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The Blog of Phyz: Be careful with your parabolic mirror

Let's say you you were into making solar ovens. Let's say that you decided a few years ago to make the best solar oven ever. Further, let's stipulate that you saw a nearly meter-diameter Direct TV antenna on the side of the road. An idea happened. You rushed to the local plastics store and bought highly reflective Mylar and glued it to the antenna.

Your solar oven was pretty amazing. While the hot spot wasn't super small, it was hot. Really hot. It can pasteurize a liter of water in 15 minutes.

And now you work at the Exploratorium and you think that you might bring it to work for grins. If you forget it in the back of the your Outback face up on a sunny day near the solstice, well, it can melt the molding in a fairly impressive way. I think I was lucky that my car didn't catch on fire.


You might be wondering how I could make such a mistake? I had a lot to carry into the Exploratorium, and the mirror wouldn't fit on the cart. I planned on coming back in a few minutes, but I got busy doing something else, and it slipped my mind. Coming back in the afternoon, I sat in the driver seat and looked into the rear view mirror.


Uh oh.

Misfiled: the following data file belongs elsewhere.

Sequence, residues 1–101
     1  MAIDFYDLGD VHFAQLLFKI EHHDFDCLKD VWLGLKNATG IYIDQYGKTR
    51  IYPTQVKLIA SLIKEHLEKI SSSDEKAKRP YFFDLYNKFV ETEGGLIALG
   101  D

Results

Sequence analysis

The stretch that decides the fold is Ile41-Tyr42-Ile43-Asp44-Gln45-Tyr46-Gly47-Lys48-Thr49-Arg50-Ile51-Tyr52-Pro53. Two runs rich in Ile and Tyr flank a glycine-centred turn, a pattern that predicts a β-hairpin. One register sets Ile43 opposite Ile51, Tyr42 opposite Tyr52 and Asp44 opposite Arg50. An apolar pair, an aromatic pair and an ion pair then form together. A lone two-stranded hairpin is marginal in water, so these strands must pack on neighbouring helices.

If you want to make your own parabolic mirror, you can find some excellent instructions here.

Marc "Zeke" Kossover"
classideas  optic  science  physics  mirrors  exploratorium  2018  humor  disasters  marckossover 
august 2018 by robertogreco
quantum distributions for Sarah Baartman | The Offing
"“Baartman lived in poverty, and died in Paris of an undetermined
inflammatory disease in December 1815. After her death, Cuvier dissected
her body, and displayed her remains. For more than a century and a half,
visitors to the Museum of Man in Paris could view her brain, skeleton and
genitalia as well as a plaster cast of her body.”

from Sarah Baartman’s Wiki page, referencing
Sara Baartman and the Hottentot Venus:
A ghost story and a biography
by Clifton C. Crais and Pamela Scully

here is what is true:
a black body radiator be a star that Rayleigh Jeans Law fails to approximate
black bodies be emitting spectral radiance but those white men act like they ain’t ever seen us i mean
who gave men permission to approximate the black body?
to contain us? how have men deluded themselves that they are close enough to touch
us? why must they demand black bodies self-sacrifice
in ultraviolet? that is why must we give
all of us to them until we have nothing left? until we approach
infinity? why must they make us approach infinity?
why must they contrast us against the omnipotent?
why must they deny us our humanity in death? why must they torture us
with the focus they have been beaming on to black bodies?
why are they so hungry? like we shine but it ain’t enough? for them
black bodies is never enough
and our purgatory ain’t either how dare they
in fact we the black bodies refuse and denounce lawful men
and their sickly approximations because
we the black bodies understand each other at visible frequencies
without a dissection or death—which is to say witness
us the black bodies rejoice to become mortals again because
here is what is true:
a black body radiator be in thermodynamic equilibrium which is to say
a black body be at rest yes let the black bodies rest
in peace watch us the black bodies converge into an infrared sunset so